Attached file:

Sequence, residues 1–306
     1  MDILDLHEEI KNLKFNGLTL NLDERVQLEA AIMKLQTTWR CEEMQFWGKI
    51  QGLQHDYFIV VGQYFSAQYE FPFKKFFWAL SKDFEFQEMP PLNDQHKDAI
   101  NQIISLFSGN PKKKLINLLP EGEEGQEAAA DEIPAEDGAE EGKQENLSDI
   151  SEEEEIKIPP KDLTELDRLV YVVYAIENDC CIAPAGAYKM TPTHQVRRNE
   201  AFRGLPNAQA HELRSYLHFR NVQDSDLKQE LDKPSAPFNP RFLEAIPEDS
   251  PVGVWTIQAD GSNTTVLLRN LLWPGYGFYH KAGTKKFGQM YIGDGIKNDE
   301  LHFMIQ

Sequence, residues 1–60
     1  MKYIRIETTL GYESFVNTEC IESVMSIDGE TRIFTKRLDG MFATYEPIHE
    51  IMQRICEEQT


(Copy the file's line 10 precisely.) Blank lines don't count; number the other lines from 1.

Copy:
     1  MKYIRIETTL GYESFVNTEC IESVMSIDGE TRIFTKRLDG MFATYEPIHE